Presented by The Boston Conservatory Theater Ensemble
Directed by Michael Susko; Music Directed by Steven Ladd Jones
Review by Nicola McEldowney (reviewed 3/8/2013)
(Boston) Occasionally, a performance comes along that reminds you what a certain genre is all about – be that genre Greek tragedy, or Renaissance lute songs, or shadow puppetry. For me, the Boston Conservatory’s Thoroughly Modern Millie is one of these performances. Helmed by director Michael Susko and music director Steven Ladd Jones, this production encapsulates the heart and soul of American musical theatre at its most energized, polished and professional. All the more remarkable, it is performed by students.
The young cast of the Boston Conservatory’s production is indeed so capable, so outstanding, that I was compelled to ask a few nearby individuals “in the know” (read: immensely and rightly proud parents) if these were truly kids in their late teens/early twenties, or rather thirty- and forty-something NYC professionals in disguise. But sure enough, these performers were the genuine article. And they were, indeed, thoroughly marvelous.
The cast, as a whole, feeds off of one another’s energy, suffusing the performance with enought mojo for a U.S. Olympic team. Jillian Butler, originally the understudy for the lead, came to the role of Millie Dillmount at the last minute. She owned it, embodying her role with such precision, charisma and power that you had to wonder at what the original Millie must have been like. Butler’s opening number, the dazzling “Not For the Life of Me,” set the tone for the excellence that was to follow; her “Gimmie Gimmie” was every bit the high-octane show-stopper it needed to be. While all her co-stars were astounding, special mention must go to comedic powerhouse Malari Martin as villainous Mrs. Meers, and to force-to-be-reckoned-with Brittany Walters as Muzzy Van Hossmere. Both ladies brought down the house and rightly so. Additionally, MiMi Scardulla as antagonist-turned-ally Miss Flannery did a gangbusters job of joining Butler in leading the thoroughly amazing “Forget About The Boy,” which is still stuck in my head.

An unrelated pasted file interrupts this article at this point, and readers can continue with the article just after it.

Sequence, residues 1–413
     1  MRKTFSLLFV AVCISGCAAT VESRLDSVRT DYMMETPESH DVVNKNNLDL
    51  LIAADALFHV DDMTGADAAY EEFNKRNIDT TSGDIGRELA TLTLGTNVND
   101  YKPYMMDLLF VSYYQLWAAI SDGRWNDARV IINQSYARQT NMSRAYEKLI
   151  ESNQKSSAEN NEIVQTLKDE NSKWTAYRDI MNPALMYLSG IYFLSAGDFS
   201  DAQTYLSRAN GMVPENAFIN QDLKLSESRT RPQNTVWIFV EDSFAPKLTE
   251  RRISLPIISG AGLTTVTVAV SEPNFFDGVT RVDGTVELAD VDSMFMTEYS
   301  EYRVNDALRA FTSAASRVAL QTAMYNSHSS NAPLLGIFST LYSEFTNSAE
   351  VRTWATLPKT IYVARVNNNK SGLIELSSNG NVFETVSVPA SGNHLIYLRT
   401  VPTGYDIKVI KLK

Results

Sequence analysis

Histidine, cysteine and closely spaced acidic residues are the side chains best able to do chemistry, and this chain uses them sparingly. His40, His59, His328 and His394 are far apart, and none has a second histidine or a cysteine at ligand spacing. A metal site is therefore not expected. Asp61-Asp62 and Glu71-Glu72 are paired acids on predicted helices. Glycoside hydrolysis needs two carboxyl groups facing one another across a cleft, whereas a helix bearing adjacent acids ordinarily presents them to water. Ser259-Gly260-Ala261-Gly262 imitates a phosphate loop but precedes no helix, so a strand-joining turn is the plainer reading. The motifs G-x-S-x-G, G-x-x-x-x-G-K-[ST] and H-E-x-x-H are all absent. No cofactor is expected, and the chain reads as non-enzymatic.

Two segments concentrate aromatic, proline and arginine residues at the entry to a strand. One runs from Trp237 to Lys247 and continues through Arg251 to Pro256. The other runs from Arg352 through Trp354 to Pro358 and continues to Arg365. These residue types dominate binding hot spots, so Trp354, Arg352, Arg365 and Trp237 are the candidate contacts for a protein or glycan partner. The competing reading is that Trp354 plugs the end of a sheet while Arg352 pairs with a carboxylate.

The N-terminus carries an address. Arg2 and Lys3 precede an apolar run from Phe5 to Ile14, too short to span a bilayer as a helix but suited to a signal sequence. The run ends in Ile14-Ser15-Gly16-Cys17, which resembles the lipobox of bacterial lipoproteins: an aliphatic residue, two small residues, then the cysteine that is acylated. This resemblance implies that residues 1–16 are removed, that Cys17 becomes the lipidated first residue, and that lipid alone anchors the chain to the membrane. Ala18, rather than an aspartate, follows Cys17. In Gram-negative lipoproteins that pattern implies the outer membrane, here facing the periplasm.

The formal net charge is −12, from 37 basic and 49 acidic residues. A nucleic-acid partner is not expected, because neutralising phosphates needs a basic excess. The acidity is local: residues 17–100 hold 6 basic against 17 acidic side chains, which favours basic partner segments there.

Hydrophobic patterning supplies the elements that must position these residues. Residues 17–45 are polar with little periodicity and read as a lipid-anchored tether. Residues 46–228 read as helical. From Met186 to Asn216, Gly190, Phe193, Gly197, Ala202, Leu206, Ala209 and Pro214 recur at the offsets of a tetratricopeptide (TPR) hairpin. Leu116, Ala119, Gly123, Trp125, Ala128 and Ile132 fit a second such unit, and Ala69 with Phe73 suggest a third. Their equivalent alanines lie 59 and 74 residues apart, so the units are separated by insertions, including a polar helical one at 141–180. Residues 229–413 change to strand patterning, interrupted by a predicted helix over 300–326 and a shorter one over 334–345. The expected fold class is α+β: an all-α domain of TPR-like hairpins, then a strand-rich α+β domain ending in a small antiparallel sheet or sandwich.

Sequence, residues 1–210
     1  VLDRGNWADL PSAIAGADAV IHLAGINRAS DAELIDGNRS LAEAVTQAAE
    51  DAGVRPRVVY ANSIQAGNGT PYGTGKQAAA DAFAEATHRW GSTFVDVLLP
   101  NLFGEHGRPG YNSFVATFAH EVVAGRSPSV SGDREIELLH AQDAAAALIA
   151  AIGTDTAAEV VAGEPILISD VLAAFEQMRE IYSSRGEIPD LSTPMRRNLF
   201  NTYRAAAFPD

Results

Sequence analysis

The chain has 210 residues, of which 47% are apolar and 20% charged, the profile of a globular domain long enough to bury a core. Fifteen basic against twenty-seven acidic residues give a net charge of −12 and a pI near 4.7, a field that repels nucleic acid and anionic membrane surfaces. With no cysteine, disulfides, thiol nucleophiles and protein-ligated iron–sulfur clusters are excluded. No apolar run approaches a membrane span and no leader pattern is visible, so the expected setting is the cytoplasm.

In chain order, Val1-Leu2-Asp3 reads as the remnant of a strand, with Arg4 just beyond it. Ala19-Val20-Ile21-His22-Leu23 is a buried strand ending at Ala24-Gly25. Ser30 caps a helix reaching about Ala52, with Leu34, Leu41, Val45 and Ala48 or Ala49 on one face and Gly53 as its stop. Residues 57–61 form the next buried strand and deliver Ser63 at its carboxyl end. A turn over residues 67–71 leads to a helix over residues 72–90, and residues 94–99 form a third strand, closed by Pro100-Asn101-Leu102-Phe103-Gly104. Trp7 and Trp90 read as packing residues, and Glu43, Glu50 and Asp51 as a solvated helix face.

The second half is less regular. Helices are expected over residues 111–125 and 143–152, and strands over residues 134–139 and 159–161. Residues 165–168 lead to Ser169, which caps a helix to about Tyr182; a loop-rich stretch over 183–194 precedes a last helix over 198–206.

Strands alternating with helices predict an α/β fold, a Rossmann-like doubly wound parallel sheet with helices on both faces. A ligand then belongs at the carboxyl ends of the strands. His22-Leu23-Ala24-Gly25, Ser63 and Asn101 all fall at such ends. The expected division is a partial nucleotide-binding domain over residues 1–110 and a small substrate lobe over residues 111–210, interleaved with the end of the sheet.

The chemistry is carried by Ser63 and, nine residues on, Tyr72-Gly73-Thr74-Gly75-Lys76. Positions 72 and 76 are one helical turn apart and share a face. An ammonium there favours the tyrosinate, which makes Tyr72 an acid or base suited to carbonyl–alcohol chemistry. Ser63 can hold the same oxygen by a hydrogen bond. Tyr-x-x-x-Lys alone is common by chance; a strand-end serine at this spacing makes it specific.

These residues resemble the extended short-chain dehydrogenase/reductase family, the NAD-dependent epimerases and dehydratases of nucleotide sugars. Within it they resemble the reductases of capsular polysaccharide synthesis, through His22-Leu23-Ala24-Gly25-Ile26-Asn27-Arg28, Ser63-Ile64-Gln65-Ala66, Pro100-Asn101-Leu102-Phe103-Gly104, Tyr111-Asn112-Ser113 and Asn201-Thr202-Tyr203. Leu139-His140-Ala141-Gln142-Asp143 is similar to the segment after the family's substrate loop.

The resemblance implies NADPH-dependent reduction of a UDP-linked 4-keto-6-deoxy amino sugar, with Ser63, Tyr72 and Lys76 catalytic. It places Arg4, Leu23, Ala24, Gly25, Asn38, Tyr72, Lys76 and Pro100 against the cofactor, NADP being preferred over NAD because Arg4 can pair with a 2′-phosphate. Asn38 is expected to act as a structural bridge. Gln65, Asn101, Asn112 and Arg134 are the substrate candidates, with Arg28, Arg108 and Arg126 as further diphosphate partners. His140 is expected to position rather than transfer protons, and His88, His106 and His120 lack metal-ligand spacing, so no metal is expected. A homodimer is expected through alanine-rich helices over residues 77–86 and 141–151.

Special kudos go to director Susko for allowing quirky personalities to shine through in quirky portrayals, rather than trying to somehow homogenize the characters. Thanks to his smart choices and the cast’s first-rate performances, this was truly a Millie to treasure. I’m not going to forget it anytime soon – “not for the life of me.”